Nonfiction > E.C. Stedman & E.M. Hutchinson, eds. > A Library of American Literature > 1607–1764
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Stedman and Hutchinson, comps.  A Library of American Literature:
An Anthology in Eleven Volumes.  1891.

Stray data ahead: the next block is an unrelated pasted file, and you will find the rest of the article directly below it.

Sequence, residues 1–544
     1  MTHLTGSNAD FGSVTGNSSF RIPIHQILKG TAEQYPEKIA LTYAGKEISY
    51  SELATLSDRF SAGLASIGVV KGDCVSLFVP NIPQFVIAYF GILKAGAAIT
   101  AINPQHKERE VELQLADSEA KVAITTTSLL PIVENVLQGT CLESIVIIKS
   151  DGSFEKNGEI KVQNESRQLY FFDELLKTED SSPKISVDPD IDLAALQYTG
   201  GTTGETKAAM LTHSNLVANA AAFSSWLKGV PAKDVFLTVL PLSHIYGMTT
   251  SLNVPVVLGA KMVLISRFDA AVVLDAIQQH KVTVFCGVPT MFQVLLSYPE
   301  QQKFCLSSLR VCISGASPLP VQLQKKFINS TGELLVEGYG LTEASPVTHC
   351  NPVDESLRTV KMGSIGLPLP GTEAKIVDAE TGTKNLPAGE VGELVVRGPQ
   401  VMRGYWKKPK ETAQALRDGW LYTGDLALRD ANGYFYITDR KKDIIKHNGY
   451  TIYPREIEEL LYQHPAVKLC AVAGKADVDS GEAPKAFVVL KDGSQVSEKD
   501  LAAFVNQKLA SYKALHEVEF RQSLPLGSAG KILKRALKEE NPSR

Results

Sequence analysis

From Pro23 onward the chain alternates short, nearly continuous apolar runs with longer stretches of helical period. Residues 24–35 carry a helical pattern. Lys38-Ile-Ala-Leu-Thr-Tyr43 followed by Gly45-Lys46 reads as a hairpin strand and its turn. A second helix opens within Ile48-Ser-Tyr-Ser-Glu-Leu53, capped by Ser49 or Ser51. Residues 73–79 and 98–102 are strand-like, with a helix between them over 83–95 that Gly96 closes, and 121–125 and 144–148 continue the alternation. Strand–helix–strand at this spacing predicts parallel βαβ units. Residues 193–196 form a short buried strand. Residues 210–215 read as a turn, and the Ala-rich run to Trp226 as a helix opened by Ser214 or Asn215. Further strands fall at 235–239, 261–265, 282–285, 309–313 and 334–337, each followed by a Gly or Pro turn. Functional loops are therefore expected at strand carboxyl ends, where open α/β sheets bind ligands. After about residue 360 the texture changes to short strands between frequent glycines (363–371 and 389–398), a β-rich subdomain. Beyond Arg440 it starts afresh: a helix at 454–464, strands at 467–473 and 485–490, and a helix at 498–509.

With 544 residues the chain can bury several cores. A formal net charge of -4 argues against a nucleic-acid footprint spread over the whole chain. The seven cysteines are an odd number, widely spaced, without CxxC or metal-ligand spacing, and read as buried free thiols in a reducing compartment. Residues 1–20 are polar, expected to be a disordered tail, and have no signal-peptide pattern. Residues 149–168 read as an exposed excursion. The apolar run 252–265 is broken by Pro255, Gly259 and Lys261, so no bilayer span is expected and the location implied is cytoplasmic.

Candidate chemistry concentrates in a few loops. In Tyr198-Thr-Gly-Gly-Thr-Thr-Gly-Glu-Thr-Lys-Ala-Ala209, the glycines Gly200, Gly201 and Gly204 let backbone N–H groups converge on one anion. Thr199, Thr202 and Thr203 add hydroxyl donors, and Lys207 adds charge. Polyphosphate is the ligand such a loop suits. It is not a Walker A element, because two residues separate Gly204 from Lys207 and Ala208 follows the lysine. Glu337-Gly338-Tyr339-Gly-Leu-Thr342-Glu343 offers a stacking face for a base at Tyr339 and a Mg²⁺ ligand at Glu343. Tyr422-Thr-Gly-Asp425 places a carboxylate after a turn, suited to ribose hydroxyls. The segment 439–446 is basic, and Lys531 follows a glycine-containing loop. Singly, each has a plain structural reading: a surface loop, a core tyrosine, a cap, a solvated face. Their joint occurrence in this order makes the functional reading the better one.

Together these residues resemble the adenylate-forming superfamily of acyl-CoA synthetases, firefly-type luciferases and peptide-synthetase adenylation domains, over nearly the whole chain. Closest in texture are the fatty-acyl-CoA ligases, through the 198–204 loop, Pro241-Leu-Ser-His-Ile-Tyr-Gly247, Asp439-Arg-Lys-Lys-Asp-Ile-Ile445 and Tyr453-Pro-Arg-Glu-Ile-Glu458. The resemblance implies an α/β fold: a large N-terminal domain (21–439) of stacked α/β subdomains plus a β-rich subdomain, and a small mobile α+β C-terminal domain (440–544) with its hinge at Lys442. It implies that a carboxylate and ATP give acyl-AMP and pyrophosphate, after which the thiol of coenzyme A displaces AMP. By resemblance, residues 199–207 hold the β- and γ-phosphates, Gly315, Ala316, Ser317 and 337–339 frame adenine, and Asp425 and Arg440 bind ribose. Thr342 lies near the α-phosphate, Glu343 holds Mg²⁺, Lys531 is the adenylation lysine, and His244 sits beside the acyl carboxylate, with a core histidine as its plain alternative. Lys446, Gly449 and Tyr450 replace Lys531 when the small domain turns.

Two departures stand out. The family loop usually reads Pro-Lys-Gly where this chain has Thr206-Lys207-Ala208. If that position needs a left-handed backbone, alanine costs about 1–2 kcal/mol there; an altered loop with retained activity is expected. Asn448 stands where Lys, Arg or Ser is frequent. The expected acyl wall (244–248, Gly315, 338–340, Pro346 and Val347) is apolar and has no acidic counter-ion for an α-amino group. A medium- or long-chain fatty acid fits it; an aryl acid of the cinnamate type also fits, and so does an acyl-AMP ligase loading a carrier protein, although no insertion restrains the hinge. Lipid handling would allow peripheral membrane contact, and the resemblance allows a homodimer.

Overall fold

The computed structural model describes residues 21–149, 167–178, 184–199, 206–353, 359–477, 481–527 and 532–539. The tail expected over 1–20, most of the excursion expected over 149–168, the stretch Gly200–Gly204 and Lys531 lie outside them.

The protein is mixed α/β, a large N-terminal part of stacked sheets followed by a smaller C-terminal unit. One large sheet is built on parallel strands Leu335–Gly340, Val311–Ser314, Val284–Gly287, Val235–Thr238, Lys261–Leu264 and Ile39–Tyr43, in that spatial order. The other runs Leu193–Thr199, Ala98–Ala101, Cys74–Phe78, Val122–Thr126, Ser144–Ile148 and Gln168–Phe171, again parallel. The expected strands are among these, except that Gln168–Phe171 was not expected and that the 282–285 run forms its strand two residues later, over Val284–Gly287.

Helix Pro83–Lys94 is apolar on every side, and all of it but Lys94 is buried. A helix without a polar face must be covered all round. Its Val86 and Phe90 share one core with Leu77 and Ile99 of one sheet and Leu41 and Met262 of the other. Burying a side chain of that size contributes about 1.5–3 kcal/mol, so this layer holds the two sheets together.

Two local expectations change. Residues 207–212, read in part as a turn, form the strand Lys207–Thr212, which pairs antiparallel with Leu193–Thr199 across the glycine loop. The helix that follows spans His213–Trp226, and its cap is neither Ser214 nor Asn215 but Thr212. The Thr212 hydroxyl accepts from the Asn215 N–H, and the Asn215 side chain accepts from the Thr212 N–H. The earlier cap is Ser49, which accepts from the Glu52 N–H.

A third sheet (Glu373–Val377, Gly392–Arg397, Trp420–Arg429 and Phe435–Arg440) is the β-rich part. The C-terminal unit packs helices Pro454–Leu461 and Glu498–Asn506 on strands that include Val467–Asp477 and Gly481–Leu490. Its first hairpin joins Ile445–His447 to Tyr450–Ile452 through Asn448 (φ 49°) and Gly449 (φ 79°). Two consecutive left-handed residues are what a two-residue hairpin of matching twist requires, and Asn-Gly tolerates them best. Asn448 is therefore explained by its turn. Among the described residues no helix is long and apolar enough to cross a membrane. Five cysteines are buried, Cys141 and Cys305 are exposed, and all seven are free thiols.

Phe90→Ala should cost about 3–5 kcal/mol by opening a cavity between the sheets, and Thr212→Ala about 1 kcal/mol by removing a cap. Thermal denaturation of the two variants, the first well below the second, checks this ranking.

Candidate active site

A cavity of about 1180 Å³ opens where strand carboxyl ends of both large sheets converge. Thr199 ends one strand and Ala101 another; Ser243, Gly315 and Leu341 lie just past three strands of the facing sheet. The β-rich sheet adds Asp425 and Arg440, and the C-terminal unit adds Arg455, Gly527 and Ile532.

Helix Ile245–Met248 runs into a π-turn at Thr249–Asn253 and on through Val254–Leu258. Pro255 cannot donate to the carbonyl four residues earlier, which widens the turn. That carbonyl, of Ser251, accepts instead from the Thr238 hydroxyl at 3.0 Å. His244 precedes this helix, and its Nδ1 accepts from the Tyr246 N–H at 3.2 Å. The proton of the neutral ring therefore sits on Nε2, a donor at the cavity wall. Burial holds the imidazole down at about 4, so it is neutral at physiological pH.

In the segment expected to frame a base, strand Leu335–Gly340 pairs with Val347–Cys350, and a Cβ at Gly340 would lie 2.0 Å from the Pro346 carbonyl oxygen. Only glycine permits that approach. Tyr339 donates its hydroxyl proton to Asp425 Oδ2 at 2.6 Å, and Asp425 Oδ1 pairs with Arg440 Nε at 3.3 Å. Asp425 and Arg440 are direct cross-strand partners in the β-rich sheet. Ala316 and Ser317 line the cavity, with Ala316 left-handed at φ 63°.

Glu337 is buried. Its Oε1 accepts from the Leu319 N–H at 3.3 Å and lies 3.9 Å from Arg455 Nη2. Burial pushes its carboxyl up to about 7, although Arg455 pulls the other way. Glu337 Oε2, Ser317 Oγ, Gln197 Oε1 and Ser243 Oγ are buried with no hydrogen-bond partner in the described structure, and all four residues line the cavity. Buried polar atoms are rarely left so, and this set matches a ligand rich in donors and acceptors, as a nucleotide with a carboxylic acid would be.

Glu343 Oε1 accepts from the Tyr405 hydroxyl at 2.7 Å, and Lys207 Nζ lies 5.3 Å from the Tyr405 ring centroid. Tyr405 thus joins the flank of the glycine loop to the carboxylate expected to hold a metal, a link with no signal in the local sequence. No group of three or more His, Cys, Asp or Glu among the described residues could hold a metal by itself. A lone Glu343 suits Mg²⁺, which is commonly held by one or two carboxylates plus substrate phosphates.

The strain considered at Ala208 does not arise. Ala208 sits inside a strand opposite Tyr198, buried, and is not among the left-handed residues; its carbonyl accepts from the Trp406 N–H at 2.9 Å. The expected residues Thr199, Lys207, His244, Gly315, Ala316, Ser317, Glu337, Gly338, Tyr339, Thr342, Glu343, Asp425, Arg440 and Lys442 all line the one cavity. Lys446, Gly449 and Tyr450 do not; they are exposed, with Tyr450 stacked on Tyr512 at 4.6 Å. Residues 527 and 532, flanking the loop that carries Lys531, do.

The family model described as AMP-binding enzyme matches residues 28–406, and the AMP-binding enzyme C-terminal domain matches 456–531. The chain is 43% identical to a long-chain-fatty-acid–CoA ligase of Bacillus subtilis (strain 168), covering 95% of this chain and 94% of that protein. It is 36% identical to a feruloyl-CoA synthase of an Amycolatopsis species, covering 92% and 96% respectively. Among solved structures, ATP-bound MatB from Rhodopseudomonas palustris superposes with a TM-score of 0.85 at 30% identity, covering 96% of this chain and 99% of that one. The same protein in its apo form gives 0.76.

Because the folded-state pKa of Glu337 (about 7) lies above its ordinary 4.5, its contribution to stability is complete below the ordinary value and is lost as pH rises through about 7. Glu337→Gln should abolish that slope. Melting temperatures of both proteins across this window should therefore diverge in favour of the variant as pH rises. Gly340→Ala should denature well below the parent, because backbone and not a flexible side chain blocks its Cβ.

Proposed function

Vols. I–II: Colonial Literature, 1607–1764
 
The Death of the Protector
By William Hooke (1601–1678)
 
For the very much honoured Mr. John Winthrope, at Pequot in New-England. These: